The closing track on side one, "Touch of Tequila", is the antithesis of "Moonshine", being a dreadful pop influenced song, which sees Kristina sounding a bit too like Irish Eurovision star Dana!

There are a couple of decent ballads, "Broken lady", co-written by Sonja Kristina, and Daryl Way's lullaby "Dazed", which closes the album.

"Airbourne" is an album of peaks and troughs, ranging from the excellent prog of "Moonshine" to the disastrous pop of "Touch of Tequila". In all though, a worthwhile effort, which will, in the main, please fans of the band.

Review by Slartibartfast
COLLABORATOR Honorary Collaborator / In Memoriam
2 stars A new addition to my collection, Airborne is Curved Air's last studio album to date, and from a progressive point of view, a better album than the previous Midnight Wire. Notable for being the last of two studio albums of CA and including Stewart Copeland on drums (soon to be a Police man). Although it suffers from commercialitis like Midnight Wire, it has more good prog moments, and the poppy stuff isn't too bad for pop. Broken Lady, Moonshine, and Dazed are the best tracks here, more true to the original progressive spirit of the band than the rest. Juno has some nice vibes. Robin Lumley of Brand X even puts in a guest appearance.

Kristina's got some samples of her '90's Acid Folk stuff posted on her web site. Looks like I'll need to do some further exploration.

Dang it, I just noticed I already reviewed this one. Here's the remastered review. Heh, heh, heh:

Curved Air's last album, well sort of. Not much for the progressive music fan here. Of interest Robin Lumley of Brand X shows up on one track and this is one the ones with Stewart Copeland doing drums, who many may know went on to The Police. The last two CA albums turned out to be fairly non-impressive commercial affairs, Darryl Way did return to the fold for those.

There are three tracks of interest to the prog lover on this one: Broken Lady, Moonshine, and Dazed. The rest aren't bad for pop, so if you're a fan of the earlier Curved Airs, you might enjoy them. My favorite of those is Touch Of Tequila, might have something to do with my love of that spirit. My CD has a bonus track of a cover of Baby Please Don't Go, which though not prog, isn't a bad version of that song.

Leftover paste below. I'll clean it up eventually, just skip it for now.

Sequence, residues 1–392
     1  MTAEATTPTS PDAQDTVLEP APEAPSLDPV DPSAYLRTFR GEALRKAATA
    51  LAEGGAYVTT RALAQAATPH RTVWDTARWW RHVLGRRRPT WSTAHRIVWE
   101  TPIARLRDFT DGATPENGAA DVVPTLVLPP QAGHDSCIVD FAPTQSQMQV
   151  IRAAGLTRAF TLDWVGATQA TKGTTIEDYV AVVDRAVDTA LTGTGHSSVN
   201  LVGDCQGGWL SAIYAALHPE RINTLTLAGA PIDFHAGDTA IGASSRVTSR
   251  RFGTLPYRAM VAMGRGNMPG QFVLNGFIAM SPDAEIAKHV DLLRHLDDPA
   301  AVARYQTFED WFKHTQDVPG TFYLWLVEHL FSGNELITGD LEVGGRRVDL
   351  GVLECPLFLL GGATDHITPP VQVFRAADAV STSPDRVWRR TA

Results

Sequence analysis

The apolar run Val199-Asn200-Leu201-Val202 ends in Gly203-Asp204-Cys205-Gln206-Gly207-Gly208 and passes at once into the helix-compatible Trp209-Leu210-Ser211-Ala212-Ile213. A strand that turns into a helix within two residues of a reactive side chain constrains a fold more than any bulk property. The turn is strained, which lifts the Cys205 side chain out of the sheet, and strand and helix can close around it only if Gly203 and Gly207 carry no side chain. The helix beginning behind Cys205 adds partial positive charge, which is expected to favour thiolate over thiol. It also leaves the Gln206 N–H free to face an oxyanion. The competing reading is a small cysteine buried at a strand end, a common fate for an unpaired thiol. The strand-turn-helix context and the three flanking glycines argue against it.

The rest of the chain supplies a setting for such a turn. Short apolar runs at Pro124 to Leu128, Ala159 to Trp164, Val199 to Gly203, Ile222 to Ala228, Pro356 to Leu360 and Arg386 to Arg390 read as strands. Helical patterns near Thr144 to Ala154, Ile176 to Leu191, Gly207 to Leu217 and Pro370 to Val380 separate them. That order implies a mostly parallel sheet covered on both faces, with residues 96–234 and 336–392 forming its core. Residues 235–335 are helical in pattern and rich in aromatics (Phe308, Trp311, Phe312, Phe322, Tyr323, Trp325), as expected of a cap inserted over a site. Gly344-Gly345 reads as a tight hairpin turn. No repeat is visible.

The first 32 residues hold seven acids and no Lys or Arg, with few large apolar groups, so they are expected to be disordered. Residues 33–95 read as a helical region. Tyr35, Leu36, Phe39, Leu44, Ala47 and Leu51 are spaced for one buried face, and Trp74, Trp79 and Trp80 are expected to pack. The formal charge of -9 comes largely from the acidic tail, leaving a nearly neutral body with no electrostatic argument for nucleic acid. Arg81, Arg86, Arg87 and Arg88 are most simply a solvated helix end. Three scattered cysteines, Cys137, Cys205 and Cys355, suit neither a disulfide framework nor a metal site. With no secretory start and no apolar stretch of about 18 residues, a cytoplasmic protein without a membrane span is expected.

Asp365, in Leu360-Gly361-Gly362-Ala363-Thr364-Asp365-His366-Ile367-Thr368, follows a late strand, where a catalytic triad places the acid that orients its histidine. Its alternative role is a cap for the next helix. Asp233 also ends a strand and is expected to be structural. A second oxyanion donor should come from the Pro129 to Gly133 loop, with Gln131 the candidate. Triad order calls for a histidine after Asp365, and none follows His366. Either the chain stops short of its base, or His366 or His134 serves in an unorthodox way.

Certainly a proggier album than Midnight Wire.

Review by Tarcisio Moura
2 stars Oh Well, this was a big, big disappointment. While their previous album Midnight Wire had some charm and could indicate a new direction to better things, Airborne almost buries it all. Ok, it has some good moments like Moonshine, the only real prog song here that reminds us of how good Curved Air once was. Anyway, it is a very fine track, clocking just over 11 minutes, it shows some jazz/fusion trends (also seen in small bits on some other tracks) and has a great violin solo by Darryl Way. Another highlight is Stewart Copeland's drumming, real good (and before he reached stardom as a member of The Police).

The rest of the album fells flat. Most of the songs are just atempts to reach the pop rock market, culminating with the real embarrassment of Touch Of Tequila (probably the worst thing Curved Air has ever done). The excellency of all band members is marred by the weakness of the songwriting. Some tracks are nice, like Broken Lady or Dazed, but even then, they are way below their previous effords. Adding pop, hard rock and fusion to simplistic, basic formulas only increase the overall feeling that the band was lacking direction and focus. With so many change of styles since they returned from the first break up, it is little wonder critics and public ended up losing interest. After this one it was clear the band had to call it quits.

A sad end to a band that promised (and, for a time, delivered) so much.

Review by ZowieZiggy
2 stars I'm afraid that the best of their work is definitely behind them. This remark was already very much true with their previous album ''Midnight Wire''.